Unprecedented Turkish popular outrage against Syrian refugees


Angry Turkish protesters in Kahramanmaras, demanding Syrian refugees to leave their territories. Activists

ARA News

Urfa, Turkey Hundreds of Turkish citizens protested during the last three days in the city of Kahramanmaras in southern Turkey against the residency of Syrian refugees in their city.

This unprecedented movement of protests against Syrians in Turkey started on Sunday when hundreds of angry residents of Kahramanmaras took to the street to express their anger and attacked some Syrian cars.

Based on a video footage published on social media by activists, protesters ran a riot assaulting some Syrians without the interference of the Turkish police in place.

The video also showed some Turkish protesters destroying shops and cars owned by Syrians.

Observes think “such protests are part of a political campaign against the Turkish Prime Minister Recep Tayyip Erdogan”, who is visiting the territory of Sanliurfa -south of Turkey, with the approach of the Turkish presidential elections.

Speaking to ARA News, the Turkish journalist Kamal Ozgan said: “Syrians’ status in Turkey will worsen due to the mistakes committed by few Syrians who did not realize yet that they are in a hosting country.”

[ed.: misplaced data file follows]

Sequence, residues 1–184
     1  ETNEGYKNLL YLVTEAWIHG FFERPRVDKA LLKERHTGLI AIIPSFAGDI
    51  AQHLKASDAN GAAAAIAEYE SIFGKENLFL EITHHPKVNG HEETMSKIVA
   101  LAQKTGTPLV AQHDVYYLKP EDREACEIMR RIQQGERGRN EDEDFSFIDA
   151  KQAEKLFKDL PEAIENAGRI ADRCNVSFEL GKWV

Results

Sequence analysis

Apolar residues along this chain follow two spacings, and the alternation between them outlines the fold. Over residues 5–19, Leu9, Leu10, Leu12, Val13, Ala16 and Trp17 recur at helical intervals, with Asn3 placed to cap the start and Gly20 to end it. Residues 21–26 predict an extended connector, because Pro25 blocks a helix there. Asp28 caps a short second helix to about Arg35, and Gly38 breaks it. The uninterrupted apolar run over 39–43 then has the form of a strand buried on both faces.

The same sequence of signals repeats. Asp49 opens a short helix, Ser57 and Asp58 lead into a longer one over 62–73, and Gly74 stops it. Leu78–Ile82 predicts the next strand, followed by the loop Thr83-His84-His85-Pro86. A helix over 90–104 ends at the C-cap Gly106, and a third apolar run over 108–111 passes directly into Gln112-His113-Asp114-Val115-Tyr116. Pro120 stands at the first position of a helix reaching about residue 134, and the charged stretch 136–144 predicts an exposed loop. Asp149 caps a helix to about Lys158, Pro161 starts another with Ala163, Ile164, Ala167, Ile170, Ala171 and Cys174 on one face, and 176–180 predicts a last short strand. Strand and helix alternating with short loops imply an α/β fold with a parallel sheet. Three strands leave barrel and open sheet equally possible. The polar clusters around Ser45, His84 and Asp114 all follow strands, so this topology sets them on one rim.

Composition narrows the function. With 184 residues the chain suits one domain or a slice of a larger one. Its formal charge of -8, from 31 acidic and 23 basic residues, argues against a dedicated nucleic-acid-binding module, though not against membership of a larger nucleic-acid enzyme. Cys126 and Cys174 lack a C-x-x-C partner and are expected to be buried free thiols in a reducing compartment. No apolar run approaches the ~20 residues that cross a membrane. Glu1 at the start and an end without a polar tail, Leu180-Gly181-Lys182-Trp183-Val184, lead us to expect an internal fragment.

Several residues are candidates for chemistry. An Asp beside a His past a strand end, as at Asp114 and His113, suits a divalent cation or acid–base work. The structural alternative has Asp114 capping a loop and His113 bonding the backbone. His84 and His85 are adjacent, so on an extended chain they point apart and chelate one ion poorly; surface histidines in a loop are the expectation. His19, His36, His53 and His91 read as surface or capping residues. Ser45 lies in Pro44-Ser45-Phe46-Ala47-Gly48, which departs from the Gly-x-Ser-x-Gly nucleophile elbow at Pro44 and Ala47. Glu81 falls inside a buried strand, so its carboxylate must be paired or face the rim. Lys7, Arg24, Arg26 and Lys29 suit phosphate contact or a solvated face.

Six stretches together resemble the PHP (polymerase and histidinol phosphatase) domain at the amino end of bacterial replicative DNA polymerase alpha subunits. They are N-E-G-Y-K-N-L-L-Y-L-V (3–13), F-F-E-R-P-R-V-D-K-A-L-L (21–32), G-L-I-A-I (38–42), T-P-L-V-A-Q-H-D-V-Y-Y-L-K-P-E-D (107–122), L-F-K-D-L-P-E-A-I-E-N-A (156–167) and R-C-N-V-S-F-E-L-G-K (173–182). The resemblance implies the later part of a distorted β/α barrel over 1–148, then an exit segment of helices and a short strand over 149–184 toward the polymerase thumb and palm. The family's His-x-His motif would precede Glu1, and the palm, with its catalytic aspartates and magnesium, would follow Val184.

“Syrians must respect laws. Some Turkish opposition parties may use these mistakes to mobilize against the government,” said Ozgan.

In this regard, Ismael al-Khatib, member of the Free Syrian Journalists Union, told ARA News that the “inappropriate behaviour” of some Syrians caused these protests.

Al-Khatib also thinks that “Alawites in Kahramanmaras incited for the riot”.

“Not all Turks share the same attitude towards Syrians. Some exploited this to expel Syrians as they want to ruin the electoral campaign,” Al-Khatib said.

In the same context, some Turkish opponents called for a rally in Gaziantep to expel Syrians “following a harassment incident by a Syrian refugee to a Turkish child”, according to the Turkish local media.

However, governor of Gaziantep, Irdal Ata, did not grant a protesting warrant to the protesters.

Ata invited the citizens of Gaziantep to be aware and avoid involvement in “this dirty manipulations by some politicians”.

Based on unofficial statistics, approximately one million Syrian refugees live in Turkey today due to the three-year crisis.

Most of them live on the borders between Syria and Turkey, dwelling camps or the cities of Gaziantep, Urfa and Istanbul.


Reporting by: Redwan Bizar

Source: ARA News

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